Worries, so they say, go down better with soup. Warming, nutritious, comforting, quick and delicious – what’s not to like about soup?
You can make soup out of just about anything, so experimentation is the order of the day as is using seasonal vegetables which will be cheaper and have more flavour anyway. If you have a veg box delivered, you can mix it up with whatever arrives in your delivery. With a few ingredients and a bit of imagination, you can produce a delicious family-sized pan of soup for a fraction of the price of shop-bought cartons. If you have a small wide-necked flask, it can easily become part of a school or work lunch box.
There aren’t too many rules about cooking a good, hearty soup so literally anyone can make a decent job of it really. Just don’t boil the backside off it, remember to let it cool a little before adding e.g. cream so that it doesn’t curdle and avoid adding so much as to drown the flavour of the other ingredients; don’t be tempted to use flour as a thickening agent as that too can deaden the flavour.
To make silky smooth soups use a simple hand blender. To create more texture, just blend a cup or two from the pot separately and then add it back to the rest of the whole ingredients. To make them look a bit more special and appetising get creative and top them with freshly chopped herbs, croutons, a drizzle of extra virgin olive or flavoured oil, crumbled cheese or crispy bacon strips.
Soup essentials: stock
The basis of well-flavoured soups, sauces and risottos is the stock. Restaurants make amazing stocks every day and so could you if you had the time or the inclination. Busy home cooks however can easily use gel stockpots, stock cubes or bouillon and still get good results. My favourites for soup are Kallo organic gel pots or Marigold vegetable bouillon powder. Just remember not to add further seasoning until the end in case it becomes too salty. Try it once it’s ready and, if you still think it needs more salt or pepper, just add it to taste before serving.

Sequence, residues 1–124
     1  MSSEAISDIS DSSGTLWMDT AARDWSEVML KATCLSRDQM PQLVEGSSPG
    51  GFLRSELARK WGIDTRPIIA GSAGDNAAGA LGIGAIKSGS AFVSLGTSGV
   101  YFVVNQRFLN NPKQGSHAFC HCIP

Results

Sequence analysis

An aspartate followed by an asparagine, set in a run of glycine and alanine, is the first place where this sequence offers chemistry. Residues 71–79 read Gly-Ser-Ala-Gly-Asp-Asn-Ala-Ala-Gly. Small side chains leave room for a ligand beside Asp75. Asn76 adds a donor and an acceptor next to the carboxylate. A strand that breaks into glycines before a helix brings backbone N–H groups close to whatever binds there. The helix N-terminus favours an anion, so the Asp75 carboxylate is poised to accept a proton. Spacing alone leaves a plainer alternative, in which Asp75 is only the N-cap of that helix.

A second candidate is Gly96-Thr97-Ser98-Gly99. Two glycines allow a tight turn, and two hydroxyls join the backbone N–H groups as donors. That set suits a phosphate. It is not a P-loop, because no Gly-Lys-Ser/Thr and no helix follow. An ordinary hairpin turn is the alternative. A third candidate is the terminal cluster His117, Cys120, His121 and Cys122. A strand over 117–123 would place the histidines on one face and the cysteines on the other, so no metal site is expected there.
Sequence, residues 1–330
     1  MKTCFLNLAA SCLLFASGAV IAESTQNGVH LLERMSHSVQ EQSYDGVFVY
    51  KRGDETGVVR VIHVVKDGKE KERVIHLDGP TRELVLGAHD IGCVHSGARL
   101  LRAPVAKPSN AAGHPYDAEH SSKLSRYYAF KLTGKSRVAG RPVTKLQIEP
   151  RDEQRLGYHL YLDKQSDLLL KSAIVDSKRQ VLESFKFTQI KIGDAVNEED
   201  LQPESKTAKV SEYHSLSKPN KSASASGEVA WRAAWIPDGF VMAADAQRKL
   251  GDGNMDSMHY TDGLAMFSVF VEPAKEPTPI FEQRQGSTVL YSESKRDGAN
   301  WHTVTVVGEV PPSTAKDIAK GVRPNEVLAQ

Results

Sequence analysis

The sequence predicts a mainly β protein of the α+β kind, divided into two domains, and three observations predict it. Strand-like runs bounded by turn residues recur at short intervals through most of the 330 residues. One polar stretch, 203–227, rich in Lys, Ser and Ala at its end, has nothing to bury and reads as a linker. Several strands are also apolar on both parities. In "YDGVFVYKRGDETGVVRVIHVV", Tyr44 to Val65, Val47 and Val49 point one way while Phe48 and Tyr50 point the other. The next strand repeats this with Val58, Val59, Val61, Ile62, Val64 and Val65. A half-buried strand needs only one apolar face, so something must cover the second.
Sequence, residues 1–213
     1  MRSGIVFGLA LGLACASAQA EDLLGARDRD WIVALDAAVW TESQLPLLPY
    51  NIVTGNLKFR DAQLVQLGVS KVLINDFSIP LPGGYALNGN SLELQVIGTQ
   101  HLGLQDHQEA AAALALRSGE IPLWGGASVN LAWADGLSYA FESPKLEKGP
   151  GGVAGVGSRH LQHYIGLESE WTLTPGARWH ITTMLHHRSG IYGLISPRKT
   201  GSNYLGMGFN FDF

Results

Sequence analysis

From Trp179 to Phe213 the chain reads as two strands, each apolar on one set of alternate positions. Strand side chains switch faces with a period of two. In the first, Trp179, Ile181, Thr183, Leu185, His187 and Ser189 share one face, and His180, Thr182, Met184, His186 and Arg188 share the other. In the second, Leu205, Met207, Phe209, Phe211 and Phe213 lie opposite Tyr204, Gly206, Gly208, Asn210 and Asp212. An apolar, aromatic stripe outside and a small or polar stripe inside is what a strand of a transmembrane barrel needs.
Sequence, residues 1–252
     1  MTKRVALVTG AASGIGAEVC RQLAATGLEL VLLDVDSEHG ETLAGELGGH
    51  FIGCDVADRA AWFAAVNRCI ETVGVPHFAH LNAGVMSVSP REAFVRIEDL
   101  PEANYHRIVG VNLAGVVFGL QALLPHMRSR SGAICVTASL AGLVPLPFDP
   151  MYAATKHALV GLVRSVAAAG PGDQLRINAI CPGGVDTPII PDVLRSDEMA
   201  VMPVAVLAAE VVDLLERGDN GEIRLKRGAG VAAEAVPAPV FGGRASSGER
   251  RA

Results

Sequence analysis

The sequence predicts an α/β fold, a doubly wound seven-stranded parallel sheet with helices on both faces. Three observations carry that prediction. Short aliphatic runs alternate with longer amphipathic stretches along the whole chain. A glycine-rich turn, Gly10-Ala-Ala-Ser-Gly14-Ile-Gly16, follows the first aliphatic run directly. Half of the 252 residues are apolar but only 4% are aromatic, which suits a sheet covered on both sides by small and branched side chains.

If you’ve boiled a ham, reserve the stock and freeze it to use in soups or risottos, or make good white chicken stock by cooking up some chicken wings and vegetables such as onion, carrot and celery with plenty of parsley stalks. ‘Pour and Store’ containers are perfect for freezing stock or soup for later use and can easily be reused if you wash them thoroughly.
Soup essentials: soffrito or mirepoix
To make a good all-round soup base involves what the Italians call a soffrito and the French call a mirepoix. Peel and finely chop a potato, an onion and a stick of celery for a white base (you can add a carrot for a deeper flavour but it changes the colour of the soup obviously), melt a decent dollop of butter and a dash of olive oil in a large saucepan and then very gently, sweat the vegetables for about 8 minutes. Next, make a cartouche by tearing off a square of baking parchment, fold it in half three times and then roughly tear a rounded edge on the outer edge so that, when you open it, it forms a circle. Lay it on top of the vegetables and scrunch it down around the edges. The combination of cooking in a mixture of steam and butter really brings out the flavour of the vegetables and then you can use it as the base for any number of soups. Roasting veg such as squashes before adding the stock also makes for a richer flavour.
#TheFridayRecipe soups below are usually enough to feed four generously for supper or lunch, especially if they’re served with a hunk of crusty fresh bread.
You’ll find more delicious soup recipes in my book, Whats4teaMum?
- Broccoli and Stilton Soup
- Cauliflower soup with blue cheese
- Pea and roasted garlic soup
- Cream of asparagus soup
- Chilled tomato and cucumber soup (gazpacho)
- Roasted tomato soup
- Roasted golden veg soup
- Beetroot soup with cumin
- Black bean soup with salsa
- Yellow split pea soup with spinach and feta
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